The workaround is to create a new 1GB fat32 partition, and then a 1GB ext4 partition. Set up fedora but instead of choosing “Automatic” at the partitioning section, choose “Custom”. Here you will set your /boot to be the 1GB ext4 partition you created, and set /boot/efi to be the fat32 partition. The rest can be automatically configured by the installer for the LVM group.

After doing this, you can set your system to boot into the Fedora UEFI by either pressing your “boot options” key for your system or setting it as default in your motherboard settings. You will then be presented with Silverblue’s GRUB menu which should include your other distros. If it does not show your other distros, it should do so after the first system updates are installed.

— Changing kernel arguments

At this point if you’ve booted up and would like to make changes to you kernel arguments, you can do this through the terminal. If you ended up having to use the acpi_osi tricks from earlier on, you will need to do this to be able to boot normally every time.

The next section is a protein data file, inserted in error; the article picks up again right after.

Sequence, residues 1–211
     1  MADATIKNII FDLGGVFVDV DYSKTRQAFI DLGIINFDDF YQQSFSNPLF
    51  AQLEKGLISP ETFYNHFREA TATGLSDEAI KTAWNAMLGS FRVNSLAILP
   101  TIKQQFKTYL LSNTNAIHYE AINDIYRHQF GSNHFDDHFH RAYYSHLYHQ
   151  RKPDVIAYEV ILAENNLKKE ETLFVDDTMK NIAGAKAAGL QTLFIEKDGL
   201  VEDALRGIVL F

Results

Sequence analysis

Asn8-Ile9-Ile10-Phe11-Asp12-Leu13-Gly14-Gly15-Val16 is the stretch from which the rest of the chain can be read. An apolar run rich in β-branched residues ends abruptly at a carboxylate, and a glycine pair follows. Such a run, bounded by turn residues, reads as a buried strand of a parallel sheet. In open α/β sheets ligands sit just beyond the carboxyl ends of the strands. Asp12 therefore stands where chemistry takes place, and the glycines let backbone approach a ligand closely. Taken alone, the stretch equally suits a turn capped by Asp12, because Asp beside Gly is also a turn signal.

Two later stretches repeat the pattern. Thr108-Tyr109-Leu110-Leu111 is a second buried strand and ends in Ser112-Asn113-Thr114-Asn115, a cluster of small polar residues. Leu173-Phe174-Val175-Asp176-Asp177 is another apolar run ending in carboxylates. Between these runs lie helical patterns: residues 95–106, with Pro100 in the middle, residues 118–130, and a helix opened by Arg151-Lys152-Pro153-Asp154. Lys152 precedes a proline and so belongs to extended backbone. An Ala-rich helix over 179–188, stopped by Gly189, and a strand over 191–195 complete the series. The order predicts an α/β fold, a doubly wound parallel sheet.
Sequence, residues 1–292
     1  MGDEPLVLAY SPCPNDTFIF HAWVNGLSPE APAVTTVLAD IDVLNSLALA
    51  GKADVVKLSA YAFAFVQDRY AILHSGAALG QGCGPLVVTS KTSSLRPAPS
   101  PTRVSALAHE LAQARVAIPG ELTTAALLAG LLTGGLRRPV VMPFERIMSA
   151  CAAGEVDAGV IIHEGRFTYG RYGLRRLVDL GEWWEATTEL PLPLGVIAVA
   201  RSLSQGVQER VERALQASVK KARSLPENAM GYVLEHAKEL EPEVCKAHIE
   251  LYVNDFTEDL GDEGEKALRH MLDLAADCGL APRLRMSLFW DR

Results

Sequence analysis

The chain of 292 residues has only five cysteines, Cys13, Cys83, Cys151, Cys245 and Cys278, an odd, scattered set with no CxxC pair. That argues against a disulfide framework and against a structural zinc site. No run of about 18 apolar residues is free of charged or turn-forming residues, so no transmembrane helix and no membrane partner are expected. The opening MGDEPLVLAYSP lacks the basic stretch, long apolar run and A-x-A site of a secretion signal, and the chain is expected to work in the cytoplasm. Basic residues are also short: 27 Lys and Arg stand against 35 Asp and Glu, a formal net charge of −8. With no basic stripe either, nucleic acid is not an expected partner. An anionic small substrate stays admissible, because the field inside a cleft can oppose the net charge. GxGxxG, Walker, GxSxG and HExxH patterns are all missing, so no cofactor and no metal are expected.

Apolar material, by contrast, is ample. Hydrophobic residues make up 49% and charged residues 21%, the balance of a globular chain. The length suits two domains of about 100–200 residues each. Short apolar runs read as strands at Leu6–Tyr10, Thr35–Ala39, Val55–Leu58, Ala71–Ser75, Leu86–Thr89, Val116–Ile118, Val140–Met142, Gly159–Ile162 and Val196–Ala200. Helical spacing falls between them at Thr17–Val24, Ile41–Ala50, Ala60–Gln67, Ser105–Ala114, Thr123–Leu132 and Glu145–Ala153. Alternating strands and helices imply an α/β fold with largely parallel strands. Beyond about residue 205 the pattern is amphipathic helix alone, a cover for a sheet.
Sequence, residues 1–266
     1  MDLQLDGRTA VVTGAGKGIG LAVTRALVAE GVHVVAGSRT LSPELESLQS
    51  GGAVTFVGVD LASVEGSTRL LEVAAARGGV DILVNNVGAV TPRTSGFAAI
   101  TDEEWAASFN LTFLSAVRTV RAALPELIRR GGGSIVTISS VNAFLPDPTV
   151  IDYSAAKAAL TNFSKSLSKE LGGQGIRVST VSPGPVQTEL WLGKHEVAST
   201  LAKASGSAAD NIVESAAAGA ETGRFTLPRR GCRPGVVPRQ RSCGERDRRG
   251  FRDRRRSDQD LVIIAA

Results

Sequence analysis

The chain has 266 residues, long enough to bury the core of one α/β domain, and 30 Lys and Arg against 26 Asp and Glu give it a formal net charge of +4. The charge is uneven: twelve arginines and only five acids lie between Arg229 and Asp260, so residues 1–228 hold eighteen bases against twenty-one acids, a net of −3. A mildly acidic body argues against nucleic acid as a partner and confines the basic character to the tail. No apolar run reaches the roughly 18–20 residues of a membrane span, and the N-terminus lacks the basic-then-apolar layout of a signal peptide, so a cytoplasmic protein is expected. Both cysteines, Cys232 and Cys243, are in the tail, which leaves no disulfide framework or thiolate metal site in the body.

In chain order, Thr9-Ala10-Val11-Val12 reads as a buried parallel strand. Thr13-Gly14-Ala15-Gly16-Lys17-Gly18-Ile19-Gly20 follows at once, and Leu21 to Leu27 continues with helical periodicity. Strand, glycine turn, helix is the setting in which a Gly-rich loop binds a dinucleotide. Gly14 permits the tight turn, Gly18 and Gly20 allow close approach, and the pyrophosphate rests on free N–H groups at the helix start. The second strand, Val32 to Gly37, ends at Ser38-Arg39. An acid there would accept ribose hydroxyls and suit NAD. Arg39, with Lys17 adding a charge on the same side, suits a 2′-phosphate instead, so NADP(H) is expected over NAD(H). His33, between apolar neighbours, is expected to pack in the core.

Open a terminal and type rpm-ostree kargs --editor

You will now see a vi editor with text that looks like this:

# Please enter the kernel arguments. Each kernel argument# should be in the form of key=value.
# Lines starting with '#' will be ignored. Each key=value pair should be
# separated by spaces, and multiple value associated with one key is allowed.
# Also, please note that any changes to the ostree argument will not be
# effective as they are usually regenerated when bootconfig changes.
resume=UUID=54a86682-a3aa-4d1e-b5f7-3b8dce107dd2 rd.lvm.lv=Fedora/sysroot rd.lvm.lv=Fedora/swap rhgb quiet root=/dev/mapper/Fedora-sysroot acpi_osi=! acpi_osi='Windows 2009' snd_hda_intel.power_save=0